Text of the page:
Fruit and Vegetables

Lemon without leaves


Question: lemon without leaves


Good evening, I've had a lemon for several years. usually in the winter I put it in a greenhouse on the balcony but for reasons of space this year I had to bring it home. It is in a living room with about 17 18 degrees and low light. for some days it has started to lose all the leaves and only the lemons are left (15circa). in the greenhouse had never happened. could you tell me what I could do to help the lemon recover? do lemons have to be removed? thanks
miriam

Answer: lemon without leaves


Dear Miriam,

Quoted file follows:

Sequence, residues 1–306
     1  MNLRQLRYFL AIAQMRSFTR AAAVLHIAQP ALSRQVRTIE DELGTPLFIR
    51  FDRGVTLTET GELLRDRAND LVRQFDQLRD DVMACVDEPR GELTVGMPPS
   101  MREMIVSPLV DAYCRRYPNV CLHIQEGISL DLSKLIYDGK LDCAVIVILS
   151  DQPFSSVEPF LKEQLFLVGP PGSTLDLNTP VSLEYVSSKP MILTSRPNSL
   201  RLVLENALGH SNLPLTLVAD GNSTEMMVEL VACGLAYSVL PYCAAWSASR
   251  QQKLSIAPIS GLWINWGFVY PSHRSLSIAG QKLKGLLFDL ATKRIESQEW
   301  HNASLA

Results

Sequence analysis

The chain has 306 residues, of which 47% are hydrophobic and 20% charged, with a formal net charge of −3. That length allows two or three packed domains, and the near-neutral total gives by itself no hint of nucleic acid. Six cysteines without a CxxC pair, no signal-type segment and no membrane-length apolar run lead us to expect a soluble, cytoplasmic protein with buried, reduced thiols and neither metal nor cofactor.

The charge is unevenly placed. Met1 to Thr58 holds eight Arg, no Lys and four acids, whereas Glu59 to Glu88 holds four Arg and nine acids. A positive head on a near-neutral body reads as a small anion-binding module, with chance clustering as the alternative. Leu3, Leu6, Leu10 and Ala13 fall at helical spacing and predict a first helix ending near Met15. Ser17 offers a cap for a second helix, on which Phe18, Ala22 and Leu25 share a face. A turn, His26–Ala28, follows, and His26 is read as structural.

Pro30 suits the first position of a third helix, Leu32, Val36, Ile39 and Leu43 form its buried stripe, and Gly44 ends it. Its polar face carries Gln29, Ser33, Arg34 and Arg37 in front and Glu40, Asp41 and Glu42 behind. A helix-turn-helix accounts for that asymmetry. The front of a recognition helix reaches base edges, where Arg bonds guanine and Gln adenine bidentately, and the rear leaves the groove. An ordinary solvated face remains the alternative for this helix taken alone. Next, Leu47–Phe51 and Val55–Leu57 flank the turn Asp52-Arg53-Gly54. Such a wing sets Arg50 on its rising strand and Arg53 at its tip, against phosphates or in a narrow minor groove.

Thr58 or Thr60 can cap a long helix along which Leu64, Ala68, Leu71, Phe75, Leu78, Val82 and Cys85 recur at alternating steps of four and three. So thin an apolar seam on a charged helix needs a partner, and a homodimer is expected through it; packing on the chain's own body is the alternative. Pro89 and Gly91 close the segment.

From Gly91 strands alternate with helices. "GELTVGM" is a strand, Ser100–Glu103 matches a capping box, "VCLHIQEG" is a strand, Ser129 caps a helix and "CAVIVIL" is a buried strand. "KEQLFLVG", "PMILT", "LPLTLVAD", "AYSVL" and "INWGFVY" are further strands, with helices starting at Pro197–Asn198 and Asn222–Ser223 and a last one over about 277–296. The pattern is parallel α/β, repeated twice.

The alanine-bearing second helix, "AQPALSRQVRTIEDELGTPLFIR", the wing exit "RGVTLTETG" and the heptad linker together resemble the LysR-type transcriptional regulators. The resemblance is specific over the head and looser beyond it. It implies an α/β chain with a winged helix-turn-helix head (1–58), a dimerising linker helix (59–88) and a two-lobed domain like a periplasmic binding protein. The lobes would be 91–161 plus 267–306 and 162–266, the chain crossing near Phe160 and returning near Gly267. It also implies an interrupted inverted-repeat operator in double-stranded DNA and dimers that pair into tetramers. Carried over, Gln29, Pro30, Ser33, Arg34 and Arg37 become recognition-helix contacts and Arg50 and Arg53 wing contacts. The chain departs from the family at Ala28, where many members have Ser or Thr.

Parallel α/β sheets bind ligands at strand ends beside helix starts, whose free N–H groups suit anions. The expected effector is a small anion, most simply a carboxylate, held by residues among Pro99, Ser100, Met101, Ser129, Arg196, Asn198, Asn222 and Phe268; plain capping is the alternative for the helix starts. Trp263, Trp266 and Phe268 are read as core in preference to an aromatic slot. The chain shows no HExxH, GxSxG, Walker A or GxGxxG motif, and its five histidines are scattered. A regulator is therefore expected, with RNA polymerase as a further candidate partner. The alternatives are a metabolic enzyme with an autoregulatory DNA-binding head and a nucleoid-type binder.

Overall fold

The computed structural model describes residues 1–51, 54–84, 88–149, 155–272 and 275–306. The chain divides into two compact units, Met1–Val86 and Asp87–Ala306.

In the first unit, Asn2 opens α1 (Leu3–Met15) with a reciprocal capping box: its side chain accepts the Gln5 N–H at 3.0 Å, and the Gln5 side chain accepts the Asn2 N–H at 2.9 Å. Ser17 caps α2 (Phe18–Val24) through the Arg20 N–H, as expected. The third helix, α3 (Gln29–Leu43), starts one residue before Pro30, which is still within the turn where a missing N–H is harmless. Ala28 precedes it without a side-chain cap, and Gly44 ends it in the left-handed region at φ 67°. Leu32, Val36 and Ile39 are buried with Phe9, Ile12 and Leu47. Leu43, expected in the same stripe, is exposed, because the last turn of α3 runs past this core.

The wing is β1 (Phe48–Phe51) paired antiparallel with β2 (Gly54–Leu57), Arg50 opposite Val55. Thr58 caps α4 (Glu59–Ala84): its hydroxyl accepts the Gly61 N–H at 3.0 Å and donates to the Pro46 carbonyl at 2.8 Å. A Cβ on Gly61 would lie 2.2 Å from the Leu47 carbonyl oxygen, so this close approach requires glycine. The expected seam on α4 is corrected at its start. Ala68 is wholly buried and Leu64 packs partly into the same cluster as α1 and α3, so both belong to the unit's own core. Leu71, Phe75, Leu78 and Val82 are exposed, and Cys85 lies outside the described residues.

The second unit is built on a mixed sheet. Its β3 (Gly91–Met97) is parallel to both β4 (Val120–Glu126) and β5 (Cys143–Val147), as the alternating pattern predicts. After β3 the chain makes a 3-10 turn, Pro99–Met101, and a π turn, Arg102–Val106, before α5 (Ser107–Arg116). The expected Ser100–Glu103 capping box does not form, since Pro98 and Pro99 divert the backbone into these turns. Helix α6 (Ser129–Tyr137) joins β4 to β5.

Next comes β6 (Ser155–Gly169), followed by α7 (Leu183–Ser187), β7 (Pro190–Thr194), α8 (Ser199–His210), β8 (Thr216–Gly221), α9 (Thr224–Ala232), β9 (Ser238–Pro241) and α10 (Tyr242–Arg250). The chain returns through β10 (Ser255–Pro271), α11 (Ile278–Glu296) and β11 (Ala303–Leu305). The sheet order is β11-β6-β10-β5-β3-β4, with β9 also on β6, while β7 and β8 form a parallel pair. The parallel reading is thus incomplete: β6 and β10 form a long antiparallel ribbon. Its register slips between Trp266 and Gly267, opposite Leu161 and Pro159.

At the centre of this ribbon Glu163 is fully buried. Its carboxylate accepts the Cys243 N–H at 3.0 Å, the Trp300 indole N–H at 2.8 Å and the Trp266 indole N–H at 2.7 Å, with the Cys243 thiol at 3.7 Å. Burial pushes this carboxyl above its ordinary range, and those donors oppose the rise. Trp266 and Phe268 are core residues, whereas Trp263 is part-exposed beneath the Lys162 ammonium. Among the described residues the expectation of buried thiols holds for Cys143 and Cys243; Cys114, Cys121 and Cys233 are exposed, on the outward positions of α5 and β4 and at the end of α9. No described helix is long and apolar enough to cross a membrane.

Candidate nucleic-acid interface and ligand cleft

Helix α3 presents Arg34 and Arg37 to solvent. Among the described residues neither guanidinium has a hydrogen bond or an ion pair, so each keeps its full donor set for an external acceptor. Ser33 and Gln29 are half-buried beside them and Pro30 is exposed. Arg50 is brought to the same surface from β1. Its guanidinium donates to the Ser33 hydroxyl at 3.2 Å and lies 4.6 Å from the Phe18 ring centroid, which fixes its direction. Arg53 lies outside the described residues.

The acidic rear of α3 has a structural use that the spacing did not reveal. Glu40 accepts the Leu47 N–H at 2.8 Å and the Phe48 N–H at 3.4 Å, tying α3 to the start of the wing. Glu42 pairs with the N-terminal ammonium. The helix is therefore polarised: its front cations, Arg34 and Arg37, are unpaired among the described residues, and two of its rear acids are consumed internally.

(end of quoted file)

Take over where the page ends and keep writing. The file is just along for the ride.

lemons are evergreen plants originating in Asia, in areas with a subtropical climate, characterized by good humidity and minimum temperatures almost always above 10 ° C. In Italy, lemons are grown only in coastal areas, where the presence of the sea, especially in winter, makes temperatures mild; or in the southern areas, especially in Sicily and Puglia, where the winter lows are definitely different from those we can find in Lombardy (just to give an example). For this reason, if we want to grow a lemon, but we live in an area of ​​Italy with minimum temperatures below zero, it is necessary to keep the plant in a sheltered place; lemons can withstand temperatures of a few degrees below zero, but only for short periods, and obviously if they are in full bloom or with fruits (as typically occurs in winter), it will be necessary to cover the plant or repair it from the cold, to avoid losing it all the harvest. So, usually, it is sufficient to cover the plant with non-woven fabric, and keep it in an area of ​​the garden facing south or south east, possibly with the protection of the house, as can happen on a terrace. If it is not possible to find a position of this type, it is not absolutely advisable to move the plant in the house; rather it is better to cover it with a small greenhouse, or with more layers of non-woven fabric. This is because at home the temperatures are too high, and in the correct evolution of the seasons it is right that a lemon should bear a few weeks of cold or cool climate. In addition to this, and more importantly, the climate in the home is excessively dry: domestic heating, any stoves or fireplaces, tend to dry the air very much, making it very different from the one we find outdoors. Living an entire winter in the home therefore brings the lemons to great suffering; the first thing to do, as you rightly suggest, is to remove the fruits, to avoid the plant spending all its energies on growing them. Then you can think of vaporizing the leaves frequently, with water at room temperature, also trying to move the plant in a well-lit area of ​​the house. Unfortunately it is now impossible to immediately move the plant outdoors, as the nocturnal climate is still much colder than the one found in the house; unfortunately you will have to wait a few more weeks, hoping that in the meantime the plant does not suffer excessively.